NZPFU members and representatives will be attending and speaking at Workers Memorial Day events around the country today.

Internationally, workers and their unions gather on 28 April to remember those killed and injured on the job, or as a result of their work.  We reflect on the battles we have to protect the health and safety of today’s workers and the challenges ahead. The date was originally recognition of the day the Occupational Safety and Health Act came into effect in 1970 which the American Federal of Labor and Congress (AFL-CIO) had fought long and hard for.

The quote “Pray for the dead and fight like hell for the living” has been attributed to Mary Harris Jones known as Mother Jones, an Irish migrant who became a revered Union organiser after she lost everything in the 1871 Great Chicago Fire.  She was particularly recognised for her work for miners in the coalfields and later her work to abolish child labour.

In 2023 Unions globally are recognising the significance of the International Labour Conference’s decision to recognise occupational health and safety as the fifth fundamental principle and right at work.  The other four principles are the freedom of association and the effective recognition on the right to collective bargaining, the elimination of forced or compulsory labour, the abolition of child labour and the elimination of discrimination in respect of employment and occupation.

In New Zealand the tragic loss of Muriwai volunteer firefighters Dave Van Zwanenberg and Craig Stevens will be at the forefront for many.

It is an opportunity to reflect on the inherent dangers of firefighting and the changes needed to mitigate those dangers.  It is also an opportunity to educate on the greatest killer of them all – occupational cancer.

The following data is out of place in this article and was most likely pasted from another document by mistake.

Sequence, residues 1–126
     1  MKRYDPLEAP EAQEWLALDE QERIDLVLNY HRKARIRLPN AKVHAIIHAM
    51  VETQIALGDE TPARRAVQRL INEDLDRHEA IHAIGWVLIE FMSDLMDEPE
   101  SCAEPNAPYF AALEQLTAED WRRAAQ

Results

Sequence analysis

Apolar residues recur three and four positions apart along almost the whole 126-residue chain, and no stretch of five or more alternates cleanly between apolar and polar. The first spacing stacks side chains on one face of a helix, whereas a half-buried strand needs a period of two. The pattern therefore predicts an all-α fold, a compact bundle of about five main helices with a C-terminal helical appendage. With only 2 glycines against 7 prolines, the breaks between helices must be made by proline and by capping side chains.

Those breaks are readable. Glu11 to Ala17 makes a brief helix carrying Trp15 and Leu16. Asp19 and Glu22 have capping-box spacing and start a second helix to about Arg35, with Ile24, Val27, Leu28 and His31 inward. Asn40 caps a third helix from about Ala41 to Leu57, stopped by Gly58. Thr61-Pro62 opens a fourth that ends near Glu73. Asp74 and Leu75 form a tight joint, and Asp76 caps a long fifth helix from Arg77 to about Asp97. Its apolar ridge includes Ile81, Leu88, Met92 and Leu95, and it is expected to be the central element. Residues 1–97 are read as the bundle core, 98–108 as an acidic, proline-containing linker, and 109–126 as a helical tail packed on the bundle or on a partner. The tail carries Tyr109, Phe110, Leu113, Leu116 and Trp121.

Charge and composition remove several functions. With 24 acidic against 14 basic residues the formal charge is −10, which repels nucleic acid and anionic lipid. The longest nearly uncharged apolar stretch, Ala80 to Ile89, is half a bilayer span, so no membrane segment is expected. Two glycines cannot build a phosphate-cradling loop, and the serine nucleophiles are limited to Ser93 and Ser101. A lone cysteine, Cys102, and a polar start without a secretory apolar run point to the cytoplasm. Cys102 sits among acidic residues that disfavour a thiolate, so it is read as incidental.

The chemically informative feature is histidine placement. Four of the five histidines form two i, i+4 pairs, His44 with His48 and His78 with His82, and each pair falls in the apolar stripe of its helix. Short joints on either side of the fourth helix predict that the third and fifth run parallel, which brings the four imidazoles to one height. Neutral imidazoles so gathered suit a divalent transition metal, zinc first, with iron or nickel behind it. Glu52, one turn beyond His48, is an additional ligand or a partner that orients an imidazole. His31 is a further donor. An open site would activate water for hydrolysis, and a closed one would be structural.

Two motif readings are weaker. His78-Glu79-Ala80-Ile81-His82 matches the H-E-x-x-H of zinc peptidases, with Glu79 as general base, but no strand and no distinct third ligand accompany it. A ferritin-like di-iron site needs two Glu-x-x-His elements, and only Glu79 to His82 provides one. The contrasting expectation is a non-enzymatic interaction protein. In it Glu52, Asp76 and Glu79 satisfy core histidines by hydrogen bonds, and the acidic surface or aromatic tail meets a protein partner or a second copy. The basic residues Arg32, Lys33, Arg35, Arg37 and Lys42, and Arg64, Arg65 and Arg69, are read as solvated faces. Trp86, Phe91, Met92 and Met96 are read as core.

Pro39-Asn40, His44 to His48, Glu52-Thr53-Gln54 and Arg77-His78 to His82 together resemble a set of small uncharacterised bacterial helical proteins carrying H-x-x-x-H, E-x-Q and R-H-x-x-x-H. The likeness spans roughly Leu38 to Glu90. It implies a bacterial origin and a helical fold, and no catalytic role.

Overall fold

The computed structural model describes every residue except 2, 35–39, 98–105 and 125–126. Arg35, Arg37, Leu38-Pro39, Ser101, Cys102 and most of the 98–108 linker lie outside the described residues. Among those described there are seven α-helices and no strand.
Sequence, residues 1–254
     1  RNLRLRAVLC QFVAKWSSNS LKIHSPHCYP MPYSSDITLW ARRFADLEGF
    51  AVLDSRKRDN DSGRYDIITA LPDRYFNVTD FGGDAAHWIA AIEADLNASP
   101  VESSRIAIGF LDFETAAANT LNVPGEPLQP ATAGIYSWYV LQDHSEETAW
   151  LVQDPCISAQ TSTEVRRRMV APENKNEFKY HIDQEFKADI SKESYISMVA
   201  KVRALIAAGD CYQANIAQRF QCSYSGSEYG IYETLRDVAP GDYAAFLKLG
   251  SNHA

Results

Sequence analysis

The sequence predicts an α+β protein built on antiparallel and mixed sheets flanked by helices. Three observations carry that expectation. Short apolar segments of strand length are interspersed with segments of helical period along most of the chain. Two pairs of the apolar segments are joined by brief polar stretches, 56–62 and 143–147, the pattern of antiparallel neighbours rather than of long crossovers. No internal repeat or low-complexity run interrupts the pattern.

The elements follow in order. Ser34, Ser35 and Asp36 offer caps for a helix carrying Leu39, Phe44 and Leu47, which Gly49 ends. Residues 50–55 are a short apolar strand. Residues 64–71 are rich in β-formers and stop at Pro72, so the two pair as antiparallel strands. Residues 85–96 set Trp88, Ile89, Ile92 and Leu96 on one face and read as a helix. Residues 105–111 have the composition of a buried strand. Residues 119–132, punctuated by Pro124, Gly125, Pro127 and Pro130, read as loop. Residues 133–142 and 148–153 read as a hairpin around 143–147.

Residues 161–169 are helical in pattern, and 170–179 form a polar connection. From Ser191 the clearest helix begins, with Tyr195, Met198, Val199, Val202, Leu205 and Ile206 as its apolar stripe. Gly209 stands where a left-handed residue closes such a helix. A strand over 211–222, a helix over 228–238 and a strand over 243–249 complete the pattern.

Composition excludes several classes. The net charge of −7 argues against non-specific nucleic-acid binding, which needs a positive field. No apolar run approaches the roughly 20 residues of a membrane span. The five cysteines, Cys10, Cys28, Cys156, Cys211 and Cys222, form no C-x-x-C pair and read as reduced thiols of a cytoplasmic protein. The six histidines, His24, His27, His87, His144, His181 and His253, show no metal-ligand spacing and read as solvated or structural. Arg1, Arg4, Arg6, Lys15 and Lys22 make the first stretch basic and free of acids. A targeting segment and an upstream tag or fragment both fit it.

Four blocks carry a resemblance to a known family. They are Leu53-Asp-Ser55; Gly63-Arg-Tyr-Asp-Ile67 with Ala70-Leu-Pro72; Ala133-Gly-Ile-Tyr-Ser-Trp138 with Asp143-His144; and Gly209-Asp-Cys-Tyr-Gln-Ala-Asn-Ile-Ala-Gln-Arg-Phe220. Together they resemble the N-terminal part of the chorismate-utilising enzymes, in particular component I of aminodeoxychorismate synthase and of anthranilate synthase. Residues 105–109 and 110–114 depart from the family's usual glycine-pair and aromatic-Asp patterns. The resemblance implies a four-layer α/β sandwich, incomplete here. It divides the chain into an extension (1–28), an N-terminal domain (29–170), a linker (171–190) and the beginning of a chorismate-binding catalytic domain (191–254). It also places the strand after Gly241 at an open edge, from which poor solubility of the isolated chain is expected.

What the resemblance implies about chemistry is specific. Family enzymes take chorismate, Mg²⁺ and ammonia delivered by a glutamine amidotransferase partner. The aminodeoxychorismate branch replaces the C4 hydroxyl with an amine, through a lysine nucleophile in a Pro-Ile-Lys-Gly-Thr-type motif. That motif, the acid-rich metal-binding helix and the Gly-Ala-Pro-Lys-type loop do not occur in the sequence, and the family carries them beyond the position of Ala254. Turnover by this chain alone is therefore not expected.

Firefighters, trainers and fire investigators cannot be fully protected from absorbing the toxic smoke and off-gassing of structure fires. 

  • Every career firefighter in Canada and Australia, and in most states in the USA have the protection of presumptive legislation to ensure they can access their rights and entitlements for occupational cancer. 
  • This year the World Health Organisation International Agency for Research on Cancer (IARC) upgraded the occupation of firefighting to the highest classification of carcinogenic to humans.  Other Group 1 carcinogens include benzene, asbestos, tobacco and formaldehyde.

But despite assurances, in New Zealand firefighters are still having to fight for recognition and firefighters diagnosed with one of the accepted firefighter occupational cancers still have to provide evidence of their exposures and often have to be supported by the NZPFU through legal processes, some taking years, before they are covered by ACC as they would for any other work-related injury such as burns.

For the NZPFU the fight goes on for presumptive legislation to protect our members in their greatest time of need.

In unity,
Wattie Watson
National Secretary

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